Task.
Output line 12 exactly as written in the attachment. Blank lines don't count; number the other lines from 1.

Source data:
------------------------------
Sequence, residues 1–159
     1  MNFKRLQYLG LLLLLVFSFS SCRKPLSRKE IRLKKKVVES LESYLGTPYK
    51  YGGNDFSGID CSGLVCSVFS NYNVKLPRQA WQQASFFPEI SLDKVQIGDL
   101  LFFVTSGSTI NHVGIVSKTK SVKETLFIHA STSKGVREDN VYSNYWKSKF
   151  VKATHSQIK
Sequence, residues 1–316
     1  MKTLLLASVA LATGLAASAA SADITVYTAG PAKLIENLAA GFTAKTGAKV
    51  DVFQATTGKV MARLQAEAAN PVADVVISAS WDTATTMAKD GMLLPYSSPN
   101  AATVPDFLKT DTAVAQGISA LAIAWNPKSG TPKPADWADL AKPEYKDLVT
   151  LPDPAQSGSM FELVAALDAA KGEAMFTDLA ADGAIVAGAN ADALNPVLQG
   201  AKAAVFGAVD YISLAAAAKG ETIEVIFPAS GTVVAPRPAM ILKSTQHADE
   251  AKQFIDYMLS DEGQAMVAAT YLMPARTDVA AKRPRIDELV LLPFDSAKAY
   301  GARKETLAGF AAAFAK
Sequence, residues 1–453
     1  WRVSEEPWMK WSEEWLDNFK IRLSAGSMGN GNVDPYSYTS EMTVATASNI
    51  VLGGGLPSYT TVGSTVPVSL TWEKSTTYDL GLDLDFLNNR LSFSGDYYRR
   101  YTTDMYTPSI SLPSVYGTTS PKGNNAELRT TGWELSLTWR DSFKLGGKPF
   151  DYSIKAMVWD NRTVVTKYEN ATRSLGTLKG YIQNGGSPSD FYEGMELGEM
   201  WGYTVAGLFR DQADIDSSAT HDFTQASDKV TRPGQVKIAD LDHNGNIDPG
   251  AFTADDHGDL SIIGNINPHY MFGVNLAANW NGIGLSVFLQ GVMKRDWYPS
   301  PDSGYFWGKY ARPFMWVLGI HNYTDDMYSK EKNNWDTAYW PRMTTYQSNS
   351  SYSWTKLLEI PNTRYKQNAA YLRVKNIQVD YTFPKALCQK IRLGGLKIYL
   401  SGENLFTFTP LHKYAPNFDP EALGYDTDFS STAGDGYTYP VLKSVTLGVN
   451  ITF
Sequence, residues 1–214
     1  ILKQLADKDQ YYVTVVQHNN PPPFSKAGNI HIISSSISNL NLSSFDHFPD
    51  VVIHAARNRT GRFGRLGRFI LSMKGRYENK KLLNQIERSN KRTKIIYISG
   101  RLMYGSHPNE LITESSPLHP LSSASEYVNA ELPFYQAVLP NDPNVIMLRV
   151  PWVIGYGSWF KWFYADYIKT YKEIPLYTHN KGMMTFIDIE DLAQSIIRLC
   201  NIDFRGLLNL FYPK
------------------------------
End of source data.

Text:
   251  AKQFIDYMLS DEGQAMVAAT YLMPARTDVA AKRPRIDELV LLPFDSAKAY